Home / News / World /  Russia may release Sputnik V Covid vaccine for civilian use this week: Report

With the recent buzz around developing a potential vaccine against the novel coronavirus, Russia has successfully fast-tracked its recently launched Sputnik V vaccine. Following that, it is most likely to release the vaccine for civilian use this week, according to a report.

Sputnik V Covid vaccine, which is developed by Gamaleya Research Institute of Epidemiology and Microbiology under the Russian Health Ministry, may be granted permission to release a batch of its vaccine for civilian use, the institute’s deputy director for research, said associate member of the Russian Academy of Sciences, Denis Logunov, according to a report.

"Its examination is to begin within days. Also, within days we are to obtain permission. There is a certain procedure of authorizing a batch for civilian use. It must pass the quality check of the medical watchdog Roszdravnadzor. Within days, between September 10 and 13, we are to obtain permission to release a batch of the vaccine for civilian use. Respectively, from that moment on the population will begin to be vaccinated," he said on the Rossiya-24 round-the-clock television news channel, reported Russian news agency TASS.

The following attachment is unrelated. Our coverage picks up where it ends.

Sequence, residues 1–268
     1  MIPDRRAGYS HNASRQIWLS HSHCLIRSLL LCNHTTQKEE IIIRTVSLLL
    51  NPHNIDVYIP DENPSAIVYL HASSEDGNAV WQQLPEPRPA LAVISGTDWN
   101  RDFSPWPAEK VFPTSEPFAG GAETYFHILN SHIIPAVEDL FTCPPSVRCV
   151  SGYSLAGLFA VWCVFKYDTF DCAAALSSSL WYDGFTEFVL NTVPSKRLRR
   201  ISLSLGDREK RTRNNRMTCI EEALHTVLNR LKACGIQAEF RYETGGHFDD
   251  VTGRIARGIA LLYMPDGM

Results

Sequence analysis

The vaccine’s distribution will be under the Health Ministry’s purview.

Meanwhile, three Moscow outpatient clinics have received the first batch of a covid vaccine against the coronavirus for post-registration trials, news agency TASS reported, citing Deputy Moscow Mayor Anastasia Rakova. Moscow residents can apply to participate in the study and be the first to obtain the vaccine, the deputy mayor said.

The study is part of post-registration clinical trials of the vaccine against COVID-19 in which 40,000 people are expected to participate. Russia announced last month that its vaccine had already received approval, even though Russia's health ministry said clinical trials were not yet complete.

Recently, early tests of the Russian coronavirus vaccine showed encouraging results when details were published on Friday.

In the Lancet study, Russian researchers reported on two small trials, each involving 38 healthy adults aged between 18 and 60, who were given a two-part immunisation.

The report said the data showed that the vaccine was "safe, well tolerated, and does not cause serious adverse events in healthy adult volunteers".

Russia has said that industrial production of its version of vaccine is expected from this month.

Top Russian leaders, including Defence Minister Sergei Shoigu, have been already inoculated with the country's covid vaccine, Sputnik News reported.

With inputs from agencies

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